The answer is simply this: because there is no story associated with the McRib. Sure, you might like it or you might hate it, but there’s no group-fable about the origin of the McRib, its slow ascent from the Barbecue Pit of the all-knowing Ronald McDonald, and its return to that savory underworld to bathe itself in the Sweet River of Semi-Sauce.
Marvel, on the other hand, does enjoy that group-story status. No one is claiming that Cap and Iron Man and the others are really gods (well, maybe a few weirdos at a Comic Con or two), but they are well-known enough and popular enough that they have become an indelible part of our lives. Their stories have permeated our culture, and our beliefs in regard to them define us, at least in a small part. If you doubt this, try posting “Marvel sucks” on a major internet forum and watch the near-genocidal war that begins as the DC vs. Marvel armies mobilize.
So… stories. Remember when I said that they create communities? That’s tremendously important, because it means that they define our friends and our enemies.
Do you know who is an American (or Paraguayan, or Ibo, or anything else)? It’s not really someone who lives in the U.S., or someone who holds a legal citizenship, or any of the political responses – there are exceptions to all of them that make those unworkable as a definition. No, what makes someone an “American” is that that person believes the same stories as the other Americans. They believe this is the greatest country on earth, or we have the greatest freedoms, or our healthcare sucks. They even believe the patently false stories, like that one about George Washington and the Cherry Tree, or that Lincoln wrote the Gettysburg Address on the back of an envelope.
We believe the stories… and anyone who doesn’t isn’t “American.” Anyone who doesn’t isn’t part of our tribe.
Anyone who doesn’t… is a potential enemy.
Sounds awful stark when you put it that way, but it’s true. Beliefs are our most prized possessions, so anyone who shares a different one – or even worse, actively seeks to denigrate or destroy ours – is at best a potential threat, and at worst a current target of attack.
Stories create communities. Stories forge bonds. Stories determine whom we accept, whom we reject; whom we love, and whom we hate. Because the stories are us.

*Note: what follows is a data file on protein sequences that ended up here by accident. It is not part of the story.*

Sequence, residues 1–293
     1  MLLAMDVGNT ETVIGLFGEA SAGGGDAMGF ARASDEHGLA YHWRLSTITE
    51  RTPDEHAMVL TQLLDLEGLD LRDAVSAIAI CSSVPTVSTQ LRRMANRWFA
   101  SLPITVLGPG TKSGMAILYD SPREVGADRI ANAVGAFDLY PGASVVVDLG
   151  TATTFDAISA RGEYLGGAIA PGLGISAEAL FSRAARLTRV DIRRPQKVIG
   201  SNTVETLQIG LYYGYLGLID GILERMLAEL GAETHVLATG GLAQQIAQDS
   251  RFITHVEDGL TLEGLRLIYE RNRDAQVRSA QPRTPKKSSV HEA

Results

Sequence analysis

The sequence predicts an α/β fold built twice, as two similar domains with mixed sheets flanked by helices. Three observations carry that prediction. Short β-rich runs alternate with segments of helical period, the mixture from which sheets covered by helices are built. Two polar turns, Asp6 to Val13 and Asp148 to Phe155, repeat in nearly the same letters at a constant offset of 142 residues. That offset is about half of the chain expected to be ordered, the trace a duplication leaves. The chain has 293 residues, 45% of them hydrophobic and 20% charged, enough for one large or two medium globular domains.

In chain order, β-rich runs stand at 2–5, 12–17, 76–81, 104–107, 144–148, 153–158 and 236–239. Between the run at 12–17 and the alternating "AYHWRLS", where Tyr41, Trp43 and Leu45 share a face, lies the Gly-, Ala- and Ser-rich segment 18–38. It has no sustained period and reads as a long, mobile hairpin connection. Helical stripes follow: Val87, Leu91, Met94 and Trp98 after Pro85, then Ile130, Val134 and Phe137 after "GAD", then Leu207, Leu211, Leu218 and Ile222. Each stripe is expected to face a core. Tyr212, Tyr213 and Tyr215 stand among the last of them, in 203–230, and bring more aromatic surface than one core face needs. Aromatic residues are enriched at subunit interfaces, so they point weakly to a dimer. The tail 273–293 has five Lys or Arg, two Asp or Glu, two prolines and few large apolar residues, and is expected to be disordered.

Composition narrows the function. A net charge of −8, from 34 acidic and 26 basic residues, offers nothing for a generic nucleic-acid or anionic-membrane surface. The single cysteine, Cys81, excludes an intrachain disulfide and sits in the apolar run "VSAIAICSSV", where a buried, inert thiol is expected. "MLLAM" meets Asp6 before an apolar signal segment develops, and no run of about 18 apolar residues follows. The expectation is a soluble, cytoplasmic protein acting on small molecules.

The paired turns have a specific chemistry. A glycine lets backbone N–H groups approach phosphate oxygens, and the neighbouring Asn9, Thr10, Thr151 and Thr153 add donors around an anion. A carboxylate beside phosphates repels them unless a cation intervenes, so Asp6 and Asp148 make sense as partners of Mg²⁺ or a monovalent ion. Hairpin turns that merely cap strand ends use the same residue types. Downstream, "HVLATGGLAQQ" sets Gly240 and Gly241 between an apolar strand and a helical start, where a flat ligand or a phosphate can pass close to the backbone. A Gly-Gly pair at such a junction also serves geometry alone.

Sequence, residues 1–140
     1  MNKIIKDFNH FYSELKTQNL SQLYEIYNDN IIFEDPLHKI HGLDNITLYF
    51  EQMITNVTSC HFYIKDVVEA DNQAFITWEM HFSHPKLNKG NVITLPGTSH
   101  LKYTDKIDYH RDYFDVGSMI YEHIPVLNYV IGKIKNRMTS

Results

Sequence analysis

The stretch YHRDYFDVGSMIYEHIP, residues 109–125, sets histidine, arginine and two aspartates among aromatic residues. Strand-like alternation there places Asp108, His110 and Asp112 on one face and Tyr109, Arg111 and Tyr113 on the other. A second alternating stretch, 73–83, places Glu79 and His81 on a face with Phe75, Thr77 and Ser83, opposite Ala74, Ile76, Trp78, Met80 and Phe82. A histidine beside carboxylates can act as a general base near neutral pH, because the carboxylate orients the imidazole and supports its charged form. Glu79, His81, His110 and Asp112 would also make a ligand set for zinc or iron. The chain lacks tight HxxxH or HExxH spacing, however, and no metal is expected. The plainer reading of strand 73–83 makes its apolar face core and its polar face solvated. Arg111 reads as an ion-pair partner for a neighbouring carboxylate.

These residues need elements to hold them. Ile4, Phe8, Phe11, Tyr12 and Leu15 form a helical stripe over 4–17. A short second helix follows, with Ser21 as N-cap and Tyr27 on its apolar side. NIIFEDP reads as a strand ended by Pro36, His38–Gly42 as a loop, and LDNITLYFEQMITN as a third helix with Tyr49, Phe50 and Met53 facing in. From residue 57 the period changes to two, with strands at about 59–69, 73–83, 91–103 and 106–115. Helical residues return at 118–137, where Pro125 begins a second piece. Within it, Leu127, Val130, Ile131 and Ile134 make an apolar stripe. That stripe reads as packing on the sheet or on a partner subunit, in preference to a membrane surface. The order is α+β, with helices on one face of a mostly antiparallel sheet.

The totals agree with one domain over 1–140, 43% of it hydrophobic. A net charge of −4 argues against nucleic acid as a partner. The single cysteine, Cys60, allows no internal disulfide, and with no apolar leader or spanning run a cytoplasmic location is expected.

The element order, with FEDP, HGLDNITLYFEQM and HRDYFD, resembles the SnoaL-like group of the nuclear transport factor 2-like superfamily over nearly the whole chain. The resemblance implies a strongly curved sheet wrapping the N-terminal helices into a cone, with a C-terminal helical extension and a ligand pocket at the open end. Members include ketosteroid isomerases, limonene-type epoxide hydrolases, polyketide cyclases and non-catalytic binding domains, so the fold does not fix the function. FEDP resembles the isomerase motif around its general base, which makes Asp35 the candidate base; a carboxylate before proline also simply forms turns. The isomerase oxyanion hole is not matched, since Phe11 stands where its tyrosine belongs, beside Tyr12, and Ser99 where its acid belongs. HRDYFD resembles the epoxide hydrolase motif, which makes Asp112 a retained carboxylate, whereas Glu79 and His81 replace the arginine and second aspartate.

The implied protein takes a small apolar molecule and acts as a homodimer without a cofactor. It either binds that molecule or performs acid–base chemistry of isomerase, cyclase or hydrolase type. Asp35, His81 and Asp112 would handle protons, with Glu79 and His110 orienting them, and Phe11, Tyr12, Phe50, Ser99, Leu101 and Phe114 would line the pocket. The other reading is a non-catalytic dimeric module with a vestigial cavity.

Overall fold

Now here’s the thing, the point of this whole article: the stories are also how we invite others to be a part of us. Think about it – in high school, you gather with your friends and giggle or complain about what the teacher did, what that other kid said, why your parents are bigger jerks than her parents. At work, you gather around the water cooler to gossip. You meet someone new, and immediately you ask, “So what do you do?” or “Where do you go to school?” or any of those questions meant to elicit a story. Then you tell your own story, and now you have a shared set of stories – the creation myth of your own little clique.
How does it relate to “Happy Easter”? It’s because if someone says, “Happy Easter” (or, again, “Diwali” or “Kwanzaa” or “Day of the Festival of the Great Deity of Sesame Street” or anything they view as a religious greeting), they are not saying, “Believe what I believe” – no person, no matter how religious or how naive, believes in conversion-by-greeting.
What they are saying is, “I like you. I value you, either as a friend or just a fellow human with whom I share this world. I want you as a friend, and so I extend my most precious stories to you. You don’t even have to accept the story; the fact that I offered you something valuable and though you did not accept it for your own, you treated it with care and respect, is enough to create our own story, you and I: the moment I said I loved you, and you said you loved me back.”
It is not about forcing a belief on someone – at least for the overwhelming majority of us. It is just about the story of me, and what I see as the story of you, and the possibility of creating the story of us.
I believe in stories. I believe in communities. I believe the best tribes are the most inclusive, and I hope someday all of us will be included in that one Great Tribe of friendship. Not full agreement, not even full peace. But the recognition that we are all brothers and sisters, and fight as we might, we will be family at the end.
So, to you all, I say, “Happy Easter.” Because that is part of my story, and in saying it, I hope that this moment can be the first part of ours.